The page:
Day 113 of the "What are you reading, and why?" project, and Sheila is reading The Third Rail, by Michael Harvey, a murder mystery set in Chicago. I assume she's reading it because 1) she lives in Chicago and 2) she's read others in the series, as this is #3.
In Harvey's mysteries, Michael Kelly, a former police officer turned private investigator solves crimes in Chicago, with a great feel for the city because the author, a former journalist, still lives and owns a bar there. I wonder if all my Chicago police officer friends are reading this series?!
This one is pursuing murders on the CTA, so maybe I should avoid it, as I take a lot of public transportation in Chicago. There is a particularly chilling murder on an el platform, here excerpted via the Washington Post review by Gerald Bartell:
Kelly has his own nasty brush with the sniper...one snowy morning when a man named Robles approaches a woman standing on a mass-transit train platform. He points a gun at her left temple and fires. She drops "like a puppet with the strings cut all here and there, arms, legs, and a smear of lipstick across her lips and down her chin."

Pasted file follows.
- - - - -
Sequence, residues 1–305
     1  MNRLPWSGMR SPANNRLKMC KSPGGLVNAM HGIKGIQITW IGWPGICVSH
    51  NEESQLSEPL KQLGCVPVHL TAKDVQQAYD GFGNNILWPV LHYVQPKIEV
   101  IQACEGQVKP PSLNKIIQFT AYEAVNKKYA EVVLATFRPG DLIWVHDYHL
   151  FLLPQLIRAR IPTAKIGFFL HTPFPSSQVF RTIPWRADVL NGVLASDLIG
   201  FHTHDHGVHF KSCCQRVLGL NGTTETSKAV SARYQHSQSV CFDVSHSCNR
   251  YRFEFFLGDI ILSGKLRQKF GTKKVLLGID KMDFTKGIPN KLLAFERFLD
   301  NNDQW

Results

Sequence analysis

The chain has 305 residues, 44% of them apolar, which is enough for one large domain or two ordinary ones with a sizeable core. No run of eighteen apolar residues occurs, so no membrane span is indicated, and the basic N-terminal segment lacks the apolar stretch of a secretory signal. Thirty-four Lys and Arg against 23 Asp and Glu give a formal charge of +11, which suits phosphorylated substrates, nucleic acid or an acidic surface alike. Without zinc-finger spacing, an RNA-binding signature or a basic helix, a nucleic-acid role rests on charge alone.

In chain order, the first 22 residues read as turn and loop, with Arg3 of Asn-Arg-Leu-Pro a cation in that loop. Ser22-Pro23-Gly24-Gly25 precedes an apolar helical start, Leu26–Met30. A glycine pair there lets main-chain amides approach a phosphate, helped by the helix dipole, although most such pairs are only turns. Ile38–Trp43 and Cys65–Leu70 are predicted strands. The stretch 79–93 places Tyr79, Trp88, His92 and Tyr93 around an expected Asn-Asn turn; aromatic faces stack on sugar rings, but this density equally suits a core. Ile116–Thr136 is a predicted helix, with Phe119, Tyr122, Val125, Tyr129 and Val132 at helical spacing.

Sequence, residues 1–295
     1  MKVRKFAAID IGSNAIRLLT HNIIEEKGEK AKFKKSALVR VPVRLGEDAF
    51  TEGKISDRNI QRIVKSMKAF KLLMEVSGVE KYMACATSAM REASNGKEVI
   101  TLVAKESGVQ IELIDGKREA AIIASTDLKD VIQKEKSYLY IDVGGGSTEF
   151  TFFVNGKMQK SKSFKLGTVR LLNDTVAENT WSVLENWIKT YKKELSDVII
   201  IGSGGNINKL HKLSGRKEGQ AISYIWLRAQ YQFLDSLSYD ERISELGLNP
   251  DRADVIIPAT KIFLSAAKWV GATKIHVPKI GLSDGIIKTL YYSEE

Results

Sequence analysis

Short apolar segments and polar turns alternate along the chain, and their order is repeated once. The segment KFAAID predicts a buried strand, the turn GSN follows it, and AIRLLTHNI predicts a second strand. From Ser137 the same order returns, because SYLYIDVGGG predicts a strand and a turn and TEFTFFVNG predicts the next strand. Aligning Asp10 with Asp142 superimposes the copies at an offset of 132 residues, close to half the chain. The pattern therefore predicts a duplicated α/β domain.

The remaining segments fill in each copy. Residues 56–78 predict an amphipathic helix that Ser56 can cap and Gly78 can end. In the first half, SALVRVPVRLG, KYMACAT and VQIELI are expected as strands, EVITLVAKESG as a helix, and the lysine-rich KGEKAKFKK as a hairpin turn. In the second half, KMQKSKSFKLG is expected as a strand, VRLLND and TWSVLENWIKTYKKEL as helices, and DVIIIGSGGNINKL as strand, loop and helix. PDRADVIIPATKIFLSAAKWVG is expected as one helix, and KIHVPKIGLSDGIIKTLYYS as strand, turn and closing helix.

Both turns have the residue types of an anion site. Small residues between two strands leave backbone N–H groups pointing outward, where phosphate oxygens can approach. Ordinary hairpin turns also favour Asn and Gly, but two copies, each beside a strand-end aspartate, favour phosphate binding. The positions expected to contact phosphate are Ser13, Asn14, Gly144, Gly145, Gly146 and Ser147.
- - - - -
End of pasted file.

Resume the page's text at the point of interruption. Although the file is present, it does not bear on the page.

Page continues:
Ew, ew, ew. Both the Chicago Tribune and the Chicago Sun Times think I should be reading it, though. Plus, there's the Archdiocese connection, and I used to live in St. Gertrude's parish. Hmm, might have to take up the reading of mysteries, after all.
But my Barbara Pym awaits, and it's her birthday. I like her because she's subtle and funny and acutely observant, a sort of 1950s Jane Austen. But nobody read her for 20 years because she went out of fashion! Pooey on them. Then her friend and pen pal, poet Philip Larkin, brought her back into style by nominating her as "the most underrated writer of the century." Someday I hope to be the most underrated writer of the century, too. (Oh. Wait.)
Thank you, Writer's Almanac, which also reminds me that it's also Thomas Hardy's birthday. Happy birthday, dead writers. Thanks for being born.